As Cincinnati Bengals enter free agency, Joe Burrow's voice becomes more influential

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CINCINNATI -- A few different types of quarterbacks tend to make headlines around NFL free agency.

The former first-round pick looking for a fresh start; a veteran angling to make one more Super Bowl push; a placeholder for a team searching for a long-term answer.

The Cincinnati Bengals didn’t draft Joe Burrow to fill any of those roles. They wanted him to become a franchise quarterback.

That moniker now carries a double meaning for Burrow as the Bengals approach free agency. The third-year player fresh off a Super Bowl appearance isn’t just someone who the team is building around. When it’s time to evaluate incoming players, Burrow’s voice carries a significant amount of weight.

“He’s a huge part of what we do,” Bengals coach Zac Taylor said on March 1 at the NFL scouting combine. “This is certainly a quarterback-driven league and we want to make sure we are all aligned there.”

The synergy between Burrow and the franchise was evident during his rookie year in 2020, with the Bengals opting to run many empty formations similar to what Burrow used during his record-breaking senior season at LSU.

Then, with the fifth pick in the 2021 draft, they selected wide receiver Ja'Marr Chase, Burrow’s teammate during his two-year run at LSU. Taylor said when the Bengals consulted Burrow about taking Chase, they were looking for any red flags before they reunited a pass-catch combination that produced more than 2,000 yards and 23 touchdowns in college.

Burrow said he didn’t tell Cincinnati executive Duke Tobin and the rest of the front office that the team must draft Chase. The team simply kept Burrow in the loop, offering a line of communication he said quarterbacks around the league value.

“I don't need to feel like I made the decision,” Burrow said in February. “You could go with my opinion or go without my opinion. Doesn't matter to me as long as I feel like I'm involved in the process, and I think the organization did a great job of that.”

When the Bengals were evaluating prospects and Burrow was doing rehab work from the left knee injury that ended his rookie season, Burrow said Tobin asked him to watch certain players and sought Burrow’s opinion.

During the scouting combine, Tobin said making sure opinions from trustworthy people are valued -- including his starting quarterback -- has been something he’s done throughout his tenure as Cincinnati’s director of player personnel.

“It seems to be a topic around the league a little bit,” Tobin told ESPN. “It’s not a new thing with me.”

Sometimes, Burrow’s input is more tangible. He attended the recruiting dinner at a local steakhouse that helped the Bengals land free-agent right tackle Riley Reiff.

Burrow could double as a recruiter and primary attraction as the Bengals enter free agency this week. Cincinnati will be conservative about how much it budgets for the 2022 rookie class and practice squad, but the Bengals, who have $35 million in salary-cap space, will have the necessary capital to improve the roster around Burrow. That includes an offensive line that ranked 30th in pass block win rate, according to ESPN Stats & Information and NFL Next Gen Stats.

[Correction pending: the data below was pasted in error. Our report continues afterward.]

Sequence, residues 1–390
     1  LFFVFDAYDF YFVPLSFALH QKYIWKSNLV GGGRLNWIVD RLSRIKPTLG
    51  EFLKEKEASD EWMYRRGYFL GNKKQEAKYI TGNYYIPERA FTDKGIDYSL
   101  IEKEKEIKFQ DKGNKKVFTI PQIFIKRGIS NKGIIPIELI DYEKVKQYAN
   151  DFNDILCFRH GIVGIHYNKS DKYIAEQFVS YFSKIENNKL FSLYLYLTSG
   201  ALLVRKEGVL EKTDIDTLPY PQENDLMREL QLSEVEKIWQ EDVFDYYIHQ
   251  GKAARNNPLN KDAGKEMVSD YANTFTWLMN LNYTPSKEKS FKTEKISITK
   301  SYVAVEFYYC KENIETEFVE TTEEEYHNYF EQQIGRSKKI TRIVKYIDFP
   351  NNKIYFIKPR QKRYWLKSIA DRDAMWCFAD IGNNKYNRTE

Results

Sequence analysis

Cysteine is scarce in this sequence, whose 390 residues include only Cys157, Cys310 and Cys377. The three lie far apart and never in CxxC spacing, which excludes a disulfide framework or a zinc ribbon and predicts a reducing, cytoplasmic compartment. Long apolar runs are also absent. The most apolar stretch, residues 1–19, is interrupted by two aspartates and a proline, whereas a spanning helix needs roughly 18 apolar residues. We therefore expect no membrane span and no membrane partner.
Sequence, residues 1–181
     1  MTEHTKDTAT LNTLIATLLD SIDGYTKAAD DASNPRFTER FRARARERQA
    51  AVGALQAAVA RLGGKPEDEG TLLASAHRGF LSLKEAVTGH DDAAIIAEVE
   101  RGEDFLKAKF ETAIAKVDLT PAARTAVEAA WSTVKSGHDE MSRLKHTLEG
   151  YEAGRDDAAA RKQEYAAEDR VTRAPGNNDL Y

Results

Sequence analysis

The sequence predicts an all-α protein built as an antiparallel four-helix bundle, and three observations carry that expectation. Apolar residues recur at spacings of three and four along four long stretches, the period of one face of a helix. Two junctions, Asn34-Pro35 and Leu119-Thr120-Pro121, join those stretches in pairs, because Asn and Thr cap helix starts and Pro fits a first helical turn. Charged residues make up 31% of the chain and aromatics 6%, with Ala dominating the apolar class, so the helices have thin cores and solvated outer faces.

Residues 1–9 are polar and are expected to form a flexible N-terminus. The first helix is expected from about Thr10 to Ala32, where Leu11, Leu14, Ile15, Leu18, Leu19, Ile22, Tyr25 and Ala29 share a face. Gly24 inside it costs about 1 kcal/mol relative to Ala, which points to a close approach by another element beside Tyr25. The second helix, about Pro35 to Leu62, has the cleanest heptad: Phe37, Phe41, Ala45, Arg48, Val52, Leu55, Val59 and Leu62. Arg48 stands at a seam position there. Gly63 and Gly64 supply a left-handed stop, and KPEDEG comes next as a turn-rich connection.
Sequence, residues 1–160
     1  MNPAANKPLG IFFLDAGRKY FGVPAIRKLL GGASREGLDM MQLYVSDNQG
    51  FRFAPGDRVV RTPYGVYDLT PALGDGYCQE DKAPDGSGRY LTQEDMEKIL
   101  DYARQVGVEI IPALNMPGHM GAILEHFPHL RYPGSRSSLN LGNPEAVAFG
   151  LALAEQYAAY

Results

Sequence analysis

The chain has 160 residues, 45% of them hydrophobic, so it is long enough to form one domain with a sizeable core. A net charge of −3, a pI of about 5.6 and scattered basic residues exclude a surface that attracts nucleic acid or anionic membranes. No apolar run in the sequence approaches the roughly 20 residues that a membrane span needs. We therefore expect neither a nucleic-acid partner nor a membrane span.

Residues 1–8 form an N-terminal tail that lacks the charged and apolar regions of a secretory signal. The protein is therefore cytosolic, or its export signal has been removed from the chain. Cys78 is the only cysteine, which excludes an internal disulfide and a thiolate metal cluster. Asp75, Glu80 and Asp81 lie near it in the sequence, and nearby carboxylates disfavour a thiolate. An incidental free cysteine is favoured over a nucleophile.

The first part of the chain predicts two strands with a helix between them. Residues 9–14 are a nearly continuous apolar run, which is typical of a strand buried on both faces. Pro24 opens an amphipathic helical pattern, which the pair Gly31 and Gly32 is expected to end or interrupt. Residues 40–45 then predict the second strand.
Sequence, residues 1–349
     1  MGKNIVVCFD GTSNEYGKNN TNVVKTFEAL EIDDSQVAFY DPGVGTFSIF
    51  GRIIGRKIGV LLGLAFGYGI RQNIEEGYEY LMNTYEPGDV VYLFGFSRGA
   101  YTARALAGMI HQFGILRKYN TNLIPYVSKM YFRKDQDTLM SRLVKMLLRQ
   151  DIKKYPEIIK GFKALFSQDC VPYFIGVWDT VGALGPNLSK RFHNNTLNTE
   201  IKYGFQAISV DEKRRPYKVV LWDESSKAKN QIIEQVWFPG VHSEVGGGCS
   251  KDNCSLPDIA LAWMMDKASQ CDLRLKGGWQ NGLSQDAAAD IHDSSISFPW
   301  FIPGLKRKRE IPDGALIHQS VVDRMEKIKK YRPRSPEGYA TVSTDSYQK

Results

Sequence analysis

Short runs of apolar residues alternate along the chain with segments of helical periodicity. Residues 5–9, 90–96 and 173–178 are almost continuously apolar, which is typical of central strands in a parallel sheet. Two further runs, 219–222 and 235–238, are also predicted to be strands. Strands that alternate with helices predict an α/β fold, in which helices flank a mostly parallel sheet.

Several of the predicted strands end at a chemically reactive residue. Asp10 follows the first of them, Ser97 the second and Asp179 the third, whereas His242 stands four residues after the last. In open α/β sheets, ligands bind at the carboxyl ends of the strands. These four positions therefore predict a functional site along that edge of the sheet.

“This league is about quarterbacks and when you have one, you’ve got to support him the best way you can,” Tobin said at the combine.

Even before Monday's legal tampering period -- which marks the unofficial start of free agency -- teams have been scrambling to find quarterbacks they feel good about.

The Denver Broncos traded for Russell Wilson. The Indianapolis Colts sent Carson Wentz to Washington. The Green Bay Packers still have Aaron Rodgers.

In Cincinnati, Burrow made history by reaching the Super Bowl in his second season, the fastest of any quarterback taken No. 1 overall. Bengals special teams coordinator Darrin Simmons, who has been with the franchise since 2003 and witnessed the quarterback runs of Carson Palmer and Andy Dalton, said Burrow instills the most confidence for a sustained run of success.

“Everybody would feel that Joe is the best of them all,” Simmons said at the combine. "I think he’s shown that in the wins and losses and his ability to keep us -- and ultimately make plays -- in these close games.”

Burrow's on-field command was evident during Cincinnati's playoff run. In the AFC divisional playoff game against the Tennessee Titans, Burrow's helmet communication went out, leaving him to call his own plays until he could get a new one. Taylor later said it was something the team wants Burrow to do more as he gains experience.

That level of influence extends to off-field matters, too.

“You want his opinion,” Bengals offensive coordinator Brian Callahan told ESPN. “You want him to take ownership of all of it. You want him to take ownership of the franchise at the end of the day. And I think you always want him involved in the process of it. We want his input on all the things that go on.”

That doesn’t mean Burrow will have final input on anything that happens this offseason. But it’s clear his opinion matters as Cincinnati tries to make it back to the Super Bowl.

“If you’re built like he is, that’s what you want,” Callahan said. “You want to be able to have input and say and opinions on everything that’s happening because it’s your team.”